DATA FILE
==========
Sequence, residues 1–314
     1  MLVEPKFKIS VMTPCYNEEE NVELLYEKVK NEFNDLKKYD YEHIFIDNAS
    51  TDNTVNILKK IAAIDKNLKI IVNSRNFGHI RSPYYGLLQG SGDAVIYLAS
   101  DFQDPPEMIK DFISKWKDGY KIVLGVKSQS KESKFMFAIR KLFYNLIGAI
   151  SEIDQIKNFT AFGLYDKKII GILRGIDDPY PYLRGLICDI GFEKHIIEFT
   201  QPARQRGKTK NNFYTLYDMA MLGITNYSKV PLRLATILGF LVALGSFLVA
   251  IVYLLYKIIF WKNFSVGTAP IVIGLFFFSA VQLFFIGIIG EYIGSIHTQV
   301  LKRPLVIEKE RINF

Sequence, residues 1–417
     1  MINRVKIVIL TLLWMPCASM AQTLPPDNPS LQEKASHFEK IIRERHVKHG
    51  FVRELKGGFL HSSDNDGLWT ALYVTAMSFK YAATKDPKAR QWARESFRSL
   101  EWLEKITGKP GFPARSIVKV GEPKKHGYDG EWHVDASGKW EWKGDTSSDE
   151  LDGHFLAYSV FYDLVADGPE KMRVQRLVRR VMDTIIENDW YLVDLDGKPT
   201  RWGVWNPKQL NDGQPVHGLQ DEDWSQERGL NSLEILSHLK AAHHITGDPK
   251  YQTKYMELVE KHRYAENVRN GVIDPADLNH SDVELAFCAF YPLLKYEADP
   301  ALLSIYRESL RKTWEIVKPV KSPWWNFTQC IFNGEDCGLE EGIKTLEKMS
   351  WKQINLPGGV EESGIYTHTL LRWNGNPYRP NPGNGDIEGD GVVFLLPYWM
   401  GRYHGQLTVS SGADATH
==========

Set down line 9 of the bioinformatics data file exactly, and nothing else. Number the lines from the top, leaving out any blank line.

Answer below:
Sequence, residues 1–417